"The hybrid implant can help a much larger population than the original cochlear implant because it can be used in individuals who have some residual hearing without destroying that ability, for instance those who have severe noise-induced hearing loss and those with severe high-frequency hearing loss due to aging. Both types of hearing loss are widespread in farmers and our aging population in Iowa," Gantz said. "By preserving residual acoustic hearing and combining it with electrical speech processing provided by the implant we can bring the patient's word understanding up. Preserving residual low-frequency hearing also allows the patient to retain music appreciation and to hear better in noisy settings," he added.

Gantz said the hybrid implant also will be useful for children who may have lost their high-frequency hearing because of chemotherapy for tumors, or children born with high-frequency hearing loss. Without being able to hear high-frequency sounds, these children cannot learn to speak clearly.

The hybrid electrode may even allow patients to take advantage of potential future advances in regenerative medicine.

"Preservation of the inner ear is going to be important in the future because we think we will eventually be able to regenerate the inner ear," Gantz said. "By putting a short electrode in an infant we may be able to safeguard the progenitor cells until such a time that the research enables us to use those cells to regenerate inner ear function."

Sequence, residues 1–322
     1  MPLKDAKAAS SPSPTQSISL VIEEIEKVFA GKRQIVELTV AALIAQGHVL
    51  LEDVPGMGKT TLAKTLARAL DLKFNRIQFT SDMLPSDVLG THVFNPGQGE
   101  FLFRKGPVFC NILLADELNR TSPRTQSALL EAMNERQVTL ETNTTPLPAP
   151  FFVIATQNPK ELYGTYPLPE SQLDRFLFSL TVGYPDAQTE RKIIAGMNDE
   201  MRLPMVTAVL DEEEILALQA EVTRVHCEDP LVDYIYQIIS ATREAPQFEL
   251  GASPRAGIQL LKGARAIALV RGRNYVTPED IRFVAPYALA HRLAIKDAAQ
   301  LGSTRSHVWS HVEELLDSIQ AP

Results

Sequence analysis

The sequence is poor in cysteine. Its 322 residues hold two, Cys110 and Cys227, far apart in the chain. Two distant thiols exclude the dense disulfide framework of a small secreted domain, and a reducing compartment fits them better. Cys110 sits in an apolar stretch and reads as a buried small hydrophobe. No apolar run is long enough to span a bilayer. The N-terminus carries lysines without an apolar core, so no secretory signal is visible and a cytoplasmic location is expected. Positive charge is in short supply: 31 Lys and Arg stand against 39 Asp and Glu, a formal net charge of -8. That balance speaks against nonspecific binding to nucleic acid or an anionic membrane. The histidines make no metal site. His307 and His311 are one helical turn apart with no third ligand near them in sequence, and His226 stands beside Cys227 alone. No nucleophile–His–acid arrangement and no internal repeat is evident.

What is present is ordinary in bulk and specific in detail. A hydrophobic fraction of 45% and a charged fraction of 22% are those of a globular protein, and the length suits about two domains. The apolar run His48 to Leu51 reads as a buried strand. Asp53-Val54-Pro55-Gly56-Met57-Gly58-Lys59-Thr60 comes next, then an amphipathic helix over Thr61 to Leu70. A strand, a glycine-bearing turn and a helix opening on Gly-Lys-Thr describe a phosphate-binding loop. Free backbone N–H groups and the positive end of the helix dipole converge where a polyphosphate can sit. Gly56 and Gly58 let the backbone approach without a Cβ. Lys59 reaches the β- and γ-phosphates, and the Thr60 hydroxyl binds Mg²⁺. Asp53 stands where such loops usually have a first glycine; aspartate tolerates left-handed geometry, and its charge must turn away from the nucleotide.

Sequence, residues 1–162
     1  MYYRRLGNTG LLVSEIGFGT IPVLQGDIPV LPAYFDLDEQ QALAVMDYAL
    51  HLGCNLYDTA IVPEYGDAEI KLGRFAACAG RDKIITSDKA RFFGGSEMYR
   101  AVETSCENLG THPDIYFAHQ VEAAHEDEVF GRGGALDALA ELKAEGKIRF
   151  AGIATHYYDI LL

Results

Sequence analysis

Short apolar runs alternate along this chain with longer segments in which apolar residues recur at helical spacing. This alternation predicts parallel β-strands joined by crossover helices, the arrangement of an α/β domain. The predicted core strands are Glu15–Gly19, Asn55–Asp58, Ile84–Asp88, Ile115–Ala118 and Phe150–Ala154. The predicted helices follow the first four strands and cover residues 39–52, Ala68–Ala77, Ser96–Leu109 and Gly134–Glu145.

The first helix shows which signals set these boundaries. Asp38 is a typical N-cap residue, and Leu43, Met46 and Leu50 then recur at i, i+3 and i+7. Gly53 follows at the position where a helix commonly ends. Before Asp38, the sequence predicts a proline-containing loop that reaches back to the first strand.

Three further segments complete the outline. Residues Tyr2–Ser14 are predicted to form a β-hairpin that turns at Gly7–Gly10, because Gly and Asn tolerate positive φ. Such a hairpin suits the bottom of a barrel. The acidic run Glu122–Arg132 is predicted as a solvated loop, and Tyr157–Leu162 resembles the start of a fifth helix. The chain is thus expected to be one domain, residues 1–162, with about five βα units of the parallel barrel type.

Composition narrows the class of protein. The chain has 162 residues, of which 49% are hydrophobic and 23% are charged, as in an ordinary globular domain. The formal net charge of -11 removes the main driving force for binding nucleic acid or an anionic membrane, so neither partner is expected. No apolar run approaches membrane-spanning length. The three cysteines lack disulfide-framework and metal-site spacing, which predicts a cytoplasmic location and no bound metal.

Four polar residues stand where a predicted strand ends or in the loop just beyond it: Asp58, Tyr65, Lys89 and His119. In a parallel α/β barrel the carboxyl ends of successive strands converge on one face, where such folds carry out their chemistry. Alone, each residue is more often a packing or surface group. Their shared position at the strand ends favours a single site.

A goal of the ICICRC is to refine the criteria for identifying patients who would benefit from the hybrid implant. Another fundamental advance produced by UI studies is known as the neural response telemetry system. This system, which allows measurement of the residual nerves in the ear, was developed at the UI and now is standard in all three FDA-approved cochlear implants.

"It lets us stimulate the hearing nerve and then measure the residual activity of the nerve through the implant," Gantz explained. "This helps us to 'set' the implant in young children. It also helps us measure the long-term effects of electrical stimulation on the auditory system to see if the residual neural function changes over time."